The word decadence
, which at first meant simply "decline" in an abstract sense, is now most often used to refer to a perceived decay in standards, morals, dignity, religious faith, or skill at governing among the members of the elite of a very large social structure, such as an empire or nation state. By extension, it may refer to a decline in art, literature, science, technology, and work ethics, or (very loosely) to self-indulgent behavior.
Usage of the term sometimes implies moral censure, or an acceptance of the idea, met with throughout the world since ancient times, that such declines are objectively observable and that they inevitably precede the destruction of the society in question; for this reason, modern historians use it with caution. The word originated in Medieval Latin (dēcadentia)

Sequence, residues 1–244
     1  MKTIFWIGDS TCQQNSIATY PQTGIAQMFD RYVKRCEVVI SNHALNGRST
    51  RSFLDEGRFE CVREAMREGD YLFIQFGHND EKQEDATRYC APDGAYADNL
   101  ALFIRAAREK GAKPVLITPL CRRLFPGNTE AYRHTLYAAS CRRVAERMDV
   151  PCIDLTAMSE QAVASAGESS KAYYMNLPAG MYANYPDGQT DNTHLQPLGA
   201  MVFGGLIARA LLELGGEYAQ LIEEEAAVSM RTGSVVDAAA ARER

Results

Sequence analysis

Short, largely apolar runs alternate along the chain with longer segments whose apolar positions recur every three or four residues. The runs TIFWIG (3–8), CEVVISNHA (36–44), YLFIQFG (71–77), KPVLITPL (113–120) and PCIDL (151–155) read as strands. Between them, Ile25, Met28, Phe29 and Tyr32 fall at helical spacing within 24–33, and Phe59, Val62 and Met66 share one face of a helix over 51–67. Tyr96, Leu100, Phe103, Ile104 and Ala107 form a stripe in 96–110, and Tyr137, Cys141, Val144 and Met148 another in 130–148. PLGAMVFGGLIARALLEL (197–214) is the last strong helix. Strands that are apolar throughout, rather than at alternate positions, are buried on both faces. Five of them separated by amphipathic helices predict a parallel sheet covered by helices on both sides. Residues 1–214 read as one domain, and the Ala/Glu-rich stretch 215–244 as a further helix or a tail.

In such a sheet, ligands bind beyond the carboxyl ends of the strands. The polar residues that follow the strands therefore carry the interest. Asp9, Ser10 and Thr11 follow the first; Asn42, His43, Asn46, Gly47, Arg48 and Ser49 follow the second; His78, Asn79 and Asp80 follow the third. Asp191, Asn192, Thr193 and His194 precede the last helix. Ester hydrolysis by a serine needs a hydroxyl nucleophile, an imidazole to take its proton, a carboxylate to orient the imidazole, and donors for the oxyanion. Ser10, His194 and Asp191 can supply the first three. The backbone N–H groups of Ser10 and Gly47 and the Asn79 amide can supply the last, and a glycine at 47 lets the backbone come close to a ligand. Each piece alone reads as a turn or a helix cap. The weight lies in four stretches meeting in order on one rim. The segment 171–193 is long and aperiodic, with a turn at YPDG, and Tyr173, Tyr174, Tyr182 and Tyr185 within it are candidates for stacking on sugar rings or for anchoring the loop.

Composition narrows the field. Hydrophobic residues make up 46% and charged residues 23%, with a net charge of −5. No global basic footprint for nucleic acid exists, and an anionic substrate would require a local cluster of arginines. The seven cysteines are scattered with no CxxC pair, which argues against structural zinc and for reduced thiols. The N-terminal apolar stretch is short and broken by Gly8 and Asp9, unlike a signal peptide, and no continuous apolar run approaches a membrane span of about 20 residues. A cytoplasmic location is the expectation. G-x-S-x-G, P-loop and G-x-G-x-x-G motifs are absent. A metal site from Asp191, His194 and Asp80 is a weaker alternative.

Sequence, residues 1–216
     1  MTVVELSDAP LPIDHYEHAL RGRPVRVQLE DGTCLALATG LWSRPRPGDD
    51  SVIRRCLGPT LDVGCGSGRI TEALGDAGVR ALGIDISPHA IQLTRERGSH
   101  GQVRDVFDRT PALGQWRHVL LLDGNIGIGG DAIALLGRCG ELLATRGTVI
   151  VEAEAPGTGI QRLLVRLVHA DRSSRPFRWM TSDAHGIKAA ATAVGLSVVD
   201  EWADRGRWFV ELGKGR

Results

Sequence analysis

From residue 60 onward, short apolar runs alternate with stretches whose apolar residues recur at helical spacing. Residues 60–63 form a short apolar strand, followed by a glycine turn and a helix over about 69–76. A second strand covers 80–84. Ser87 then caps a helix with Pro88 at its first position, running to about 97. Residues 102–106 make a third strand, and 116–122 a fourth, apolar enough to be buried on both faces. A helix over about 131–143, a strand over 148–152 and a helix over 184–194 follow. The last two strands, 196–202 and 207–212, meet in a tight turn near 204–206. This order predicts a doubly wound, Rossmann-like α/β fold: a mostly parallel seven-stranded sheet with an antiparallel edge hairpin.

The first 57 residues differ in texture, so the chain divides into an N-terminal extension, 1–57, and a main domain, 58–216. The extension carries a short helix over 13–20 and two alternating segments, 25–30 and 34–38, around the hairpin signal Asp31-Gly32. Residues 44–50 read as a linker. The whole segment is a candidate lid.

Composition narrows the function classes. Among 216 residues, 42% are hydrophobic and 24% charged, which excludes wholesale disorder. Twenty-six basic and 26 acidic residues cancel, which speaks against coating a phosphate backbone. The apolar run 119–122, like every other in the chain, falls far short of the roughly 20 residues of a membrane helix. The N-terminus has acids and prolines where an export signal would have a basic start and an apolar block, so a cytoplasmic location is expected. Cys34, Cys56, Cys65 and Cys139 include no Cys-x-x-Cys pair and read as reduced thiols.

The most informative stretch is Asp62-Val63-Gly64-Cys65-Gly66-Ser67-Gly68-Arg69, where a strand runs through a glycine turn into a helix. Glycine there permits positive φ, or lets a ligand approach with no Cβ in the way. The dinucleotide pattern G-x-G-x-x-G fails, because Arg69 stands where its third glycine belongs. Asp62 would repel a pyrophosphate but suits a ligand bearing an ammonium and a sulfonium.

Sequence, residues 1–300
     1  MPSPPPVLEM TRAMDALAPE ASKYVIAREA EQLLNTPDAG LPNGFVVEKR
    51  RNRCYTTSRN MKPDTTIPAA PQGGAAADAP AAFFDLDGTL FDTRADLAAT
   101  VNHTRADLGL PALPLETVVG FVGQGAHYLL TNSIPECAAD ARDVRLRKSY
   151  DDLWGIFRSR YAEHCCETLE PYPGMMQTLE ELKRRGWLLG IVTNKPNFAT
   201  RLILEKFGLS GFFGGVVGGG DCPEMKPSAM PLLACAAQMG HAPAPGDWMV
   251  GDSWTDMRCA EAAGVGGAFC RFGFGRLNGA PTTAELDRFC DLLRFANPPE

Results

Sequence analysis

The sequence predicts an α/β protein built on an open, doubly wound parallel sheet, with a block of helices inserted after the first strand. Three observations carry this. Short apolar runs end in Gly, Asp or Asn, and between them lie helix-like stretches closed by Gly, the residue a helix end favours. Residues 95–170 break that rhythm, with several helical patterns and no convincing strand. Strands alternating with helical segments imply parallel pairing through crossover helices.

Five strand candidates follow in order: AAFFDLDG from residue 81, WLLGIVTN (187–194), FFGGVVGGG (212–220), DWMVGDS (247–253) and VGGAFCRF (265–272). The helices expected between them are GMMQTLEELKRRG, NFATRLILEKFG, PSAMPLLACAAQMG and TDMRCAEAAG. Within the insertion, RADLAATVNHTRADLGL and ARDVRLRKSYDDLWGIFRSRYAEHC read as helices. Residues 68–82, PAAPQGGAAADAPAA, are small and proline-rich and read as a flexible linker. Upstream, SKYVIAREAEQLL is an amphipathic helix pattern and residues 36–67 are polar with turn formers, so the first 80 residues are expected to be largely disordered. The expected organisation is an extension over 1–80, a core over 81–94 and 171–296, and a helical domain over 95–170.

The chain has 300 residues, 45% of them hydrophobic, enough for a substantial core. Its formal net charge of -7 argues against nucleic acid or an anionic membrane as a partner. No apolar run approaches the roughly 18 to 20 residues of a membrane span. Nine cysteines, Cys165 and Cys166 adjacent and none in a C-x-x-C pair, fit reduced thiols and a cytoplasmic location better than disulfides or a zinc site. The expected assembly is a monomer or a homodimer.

, appeared in 16th-century French, and entered English soon afterwards. It bore the neutral meaning of decay, decrease, or decline until the late 19th century, when the influence of new theories of social degeneration
contributed to its modern meaning. Read more...